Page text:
I like this recipe a lot. I feel like the sweetness of the marinade goes well with the pork. I also like how the marinade and grilling gives the tenderloin a great caramelized color.

Also, the more I think about this recipe, the more I feel the molasses and maple syrup might be redundant. I'll give this some more thought. I'd also like to use a hotter pepper like a Serrano or Habanero. I think more heat would better complement the sweetness of the marinade.

Coffee-Marinated Pork Tenderloin


  • 1/4 cup freshly ground coffee beans
  • 1/4 cup vegetable oil
  • 1/8 cup molasses
  • 1/8 cup maple syrup
  • 1/8 cup soy sauce
  • 1 garlic clove
  • 1 tablespoon lime juice
  • 1 tablespoon rice wine vinegar
  • 1 jalapeno chopped
  • 3/4 teaspoon minced ginger
  • 3/4 teaspoon kosher salt
  • 3/4 teaspoon black pepper
  • 1 pork tenderloin (about 1 1/4 pounds)
  1. Prepare pork tenderloin by trimming the silver skin. This step is crucial. You will end up with a much more tender, flavorful, and appealing final product if this is done. I wish someone would have shared this little secret with me when I first started cooking.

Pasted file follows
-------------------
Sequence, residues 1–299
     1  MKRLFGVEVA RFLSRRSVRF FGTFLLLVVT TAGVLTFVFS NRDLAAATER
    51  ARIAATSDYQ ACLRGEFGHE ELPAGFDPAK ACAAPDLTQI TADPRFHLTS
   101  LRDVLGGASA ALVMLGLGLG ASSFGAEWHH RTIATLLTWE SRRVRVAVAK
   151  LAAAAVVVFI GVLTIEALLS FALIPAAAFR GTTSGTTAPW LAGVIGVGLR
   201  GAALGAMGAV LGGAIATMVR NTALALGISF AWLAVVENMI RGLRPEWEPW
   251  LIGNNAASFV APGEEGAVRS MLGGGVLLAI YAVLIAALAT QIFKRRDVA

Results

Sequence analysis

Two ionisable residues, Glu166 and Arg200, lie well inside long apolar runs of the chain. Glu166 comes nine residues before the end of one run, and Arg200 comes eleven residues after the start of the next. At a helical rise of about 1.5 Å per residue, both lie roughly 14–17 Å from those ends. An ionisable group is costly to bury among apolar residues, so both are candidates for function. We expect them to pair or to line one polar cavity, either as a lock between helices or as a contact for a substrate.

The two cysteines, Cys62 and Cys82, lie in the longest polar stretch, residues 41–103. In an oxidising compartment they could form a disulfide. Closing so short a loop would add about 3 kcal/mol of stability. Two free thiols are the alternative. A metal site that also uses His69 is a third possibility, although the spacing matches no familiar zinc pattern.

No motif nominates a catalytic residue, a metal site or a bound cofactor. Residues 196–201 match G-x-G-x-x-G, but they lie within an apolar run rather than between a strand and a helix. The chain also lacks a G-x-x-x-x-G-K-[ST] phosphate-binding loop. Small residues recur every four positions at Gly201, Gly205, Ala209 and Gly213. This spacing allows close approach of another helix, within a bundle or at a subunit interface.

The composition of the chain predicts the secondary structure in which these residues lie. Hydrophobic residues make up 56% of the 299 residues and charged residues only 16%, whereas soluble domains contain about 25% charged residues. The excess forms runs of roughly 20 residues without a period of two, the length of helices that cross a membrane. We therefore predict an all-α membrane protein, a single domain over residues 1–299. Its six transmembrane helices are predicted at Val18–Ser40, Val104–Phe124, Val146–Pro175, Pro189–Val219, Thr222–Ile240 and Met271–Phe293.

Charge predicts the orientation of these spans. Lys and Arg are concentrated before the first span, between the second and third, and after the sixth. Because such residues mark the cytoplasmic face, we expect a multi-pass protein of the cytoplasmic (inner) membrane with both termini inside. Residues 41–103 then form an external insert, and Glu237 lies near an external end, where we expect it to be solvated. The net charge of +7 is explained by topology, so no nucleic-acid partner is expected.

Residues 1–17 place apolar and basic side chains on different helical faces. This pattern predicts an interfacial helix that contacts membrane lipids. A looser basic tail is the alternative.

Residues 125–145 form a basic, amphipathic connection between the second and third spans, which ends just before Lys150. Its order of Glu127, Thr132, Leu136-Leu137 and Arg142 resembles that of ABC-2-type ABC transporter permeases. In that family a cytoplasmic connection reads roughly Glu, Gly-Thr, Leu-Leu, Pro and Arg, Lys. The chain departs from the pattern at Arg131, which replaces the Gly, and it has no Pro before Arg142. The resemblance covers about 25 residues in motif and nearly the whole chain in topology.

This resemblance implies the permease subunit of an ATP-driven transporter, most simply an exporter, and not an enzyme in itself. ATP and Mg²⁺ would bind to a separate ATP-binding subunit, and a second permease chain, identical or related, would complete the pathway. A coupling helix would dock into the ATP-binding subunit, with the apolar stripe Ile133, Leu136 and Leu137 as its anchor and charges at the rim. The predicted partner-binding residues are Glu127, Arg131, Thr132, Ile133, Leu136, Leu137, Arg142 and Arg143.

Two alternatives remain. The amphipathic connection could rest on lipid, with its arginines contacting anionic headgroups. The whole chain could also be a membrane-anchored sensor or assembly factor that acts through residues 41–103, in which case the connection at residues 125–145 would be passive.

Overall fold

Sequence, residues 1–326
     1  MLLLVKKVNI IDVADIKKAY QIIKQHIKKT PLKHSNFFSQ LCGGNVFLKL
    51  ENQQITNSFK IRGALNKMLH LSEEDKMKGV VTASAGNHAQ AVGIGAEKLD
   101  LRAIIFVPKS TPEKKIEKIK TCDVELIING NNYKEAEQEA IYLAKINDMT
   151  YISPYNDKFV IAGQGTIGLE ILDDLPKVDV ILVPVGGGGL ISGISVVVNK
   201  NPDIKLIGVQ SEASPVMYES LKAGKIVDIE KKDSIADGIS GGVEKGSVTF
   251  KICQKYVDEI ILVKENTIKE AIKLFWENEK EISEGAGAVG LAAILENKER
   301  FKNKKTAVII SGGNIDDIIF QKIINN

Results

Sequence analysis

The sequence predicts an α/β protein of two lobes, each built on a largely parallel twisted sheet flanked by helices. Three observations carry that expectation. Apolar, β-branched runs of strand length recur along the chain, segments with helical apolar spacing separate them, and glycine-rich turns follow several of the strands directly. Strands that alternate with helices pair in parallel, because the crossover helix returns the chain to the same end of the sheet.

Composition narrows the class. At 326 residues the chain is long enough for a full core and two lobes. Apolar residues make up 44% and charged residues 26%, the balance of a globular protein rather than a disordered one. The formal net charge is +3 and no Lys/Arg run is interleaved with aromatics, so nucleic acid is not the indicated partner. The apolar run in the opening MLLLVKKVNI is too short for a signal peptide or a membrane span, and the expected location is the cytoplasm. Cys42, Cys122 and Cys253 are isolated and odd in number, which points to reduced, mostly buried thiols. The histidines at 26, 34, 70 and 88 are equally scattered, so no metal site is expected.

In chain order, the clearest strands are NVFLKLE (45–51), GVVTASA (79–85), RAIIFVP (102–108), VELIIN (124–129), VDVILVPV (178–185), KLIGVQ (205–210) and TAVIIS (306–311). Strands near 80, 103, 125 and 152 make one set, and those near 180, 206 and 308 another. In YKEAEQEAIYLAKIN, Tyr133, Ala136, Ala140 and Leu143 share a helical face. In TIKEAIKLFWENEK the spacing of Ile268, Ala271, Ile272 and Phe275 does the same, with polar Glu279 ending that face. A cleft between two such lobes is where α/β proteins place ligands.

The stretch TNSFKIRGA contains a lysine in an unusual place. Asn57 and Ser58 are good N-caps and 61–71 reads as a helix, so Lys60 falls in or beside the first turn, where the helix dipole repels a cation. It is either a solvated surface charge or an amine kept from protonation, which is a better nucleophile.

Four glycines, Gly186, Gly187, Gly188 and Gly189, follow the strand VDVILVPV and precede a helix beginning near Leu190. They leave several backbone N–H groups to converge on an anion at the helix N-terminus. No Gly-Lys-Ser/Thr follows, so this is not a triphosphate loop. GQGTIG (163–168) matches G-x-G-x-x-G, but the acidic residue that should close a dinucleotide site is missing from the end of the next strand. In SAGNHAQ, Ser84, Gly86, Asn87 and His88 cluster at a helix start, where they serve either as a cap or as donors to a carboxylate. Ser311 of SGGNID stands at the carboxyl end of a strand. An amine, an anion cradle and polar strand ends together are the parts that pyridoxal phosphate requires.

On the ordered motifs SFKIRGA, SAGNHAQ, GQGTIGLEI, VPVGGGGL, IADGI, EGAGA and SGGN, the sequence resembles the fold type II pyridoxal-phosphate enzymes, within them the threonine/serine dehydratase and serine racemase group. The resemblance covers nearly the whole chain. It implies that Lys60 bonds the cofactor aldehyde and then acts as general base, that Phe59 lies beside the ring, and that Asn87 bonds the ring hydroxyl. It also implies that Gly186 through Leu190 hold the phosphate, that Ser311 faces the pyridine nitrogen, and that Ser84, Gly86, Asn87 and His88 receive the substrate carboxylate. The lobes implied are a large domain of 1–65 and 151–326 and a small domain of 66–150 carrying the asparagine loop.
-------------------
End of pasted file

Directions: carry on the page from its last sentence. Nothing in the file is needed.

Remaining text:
2. Transfer marinade and pork to Ziploc bag. Turn to coat the tenderloin, and let it chill in refrigerator for 24 to 48 hours.
  3. Prepare grill and cook pork tenderloin over medium heat for 25 minutes or until the center registers 145 to 150 degrees. Be sure to turn the pork a couple of times during the cooking process.
  4. Transfer to cutting board; let stand 10 minutes, and then thinly slice the tenderloin.

Tuesday, May 13, 2008


"There are two things in the world you never want to let people see how you make 'em: laws and sausages." --- Leo McGarry from The West Wing.
My wife has prohibited me from making my own sausage. I won't go into the reasons for her edict, but a lot of it probably has to do with Mr. McGarry's above observation. Someday I will make my own sausage, and when I start learn the art of sausage making, I'll consult Bruce Aidells, the sausage king. I'll pick up his book on sausage making.

Since I'm barred from making sausage, I've spent time trying recipes from two other books written by Mr. Aidells: The Complete Meat Cookbook, and The Complete Book of Pork. He's a guy who knows how to cook a piece of meat, and both of these cookbooks are indispensable compendiums of recipes, various cooking methods, and information about various cuts of meats.

The carnita recipe is from The Complete Book of Pork. I love this recipe because it's flavorful, it's economical, it feeds a crowd, it freezes well, and it makes great leftovers. Also after the initial preparation, it requires very little effort, so while the pot simmers, I use my time to fix some great side dishes, like guacamole, pico de gallo, and salsa.


Spice Rub
  • 2 teaspoons ground cumin
  • 1 teaspoon ground coriander seed
  • 2 teaspoons kosher salt
  • 2 teaspoons chili powder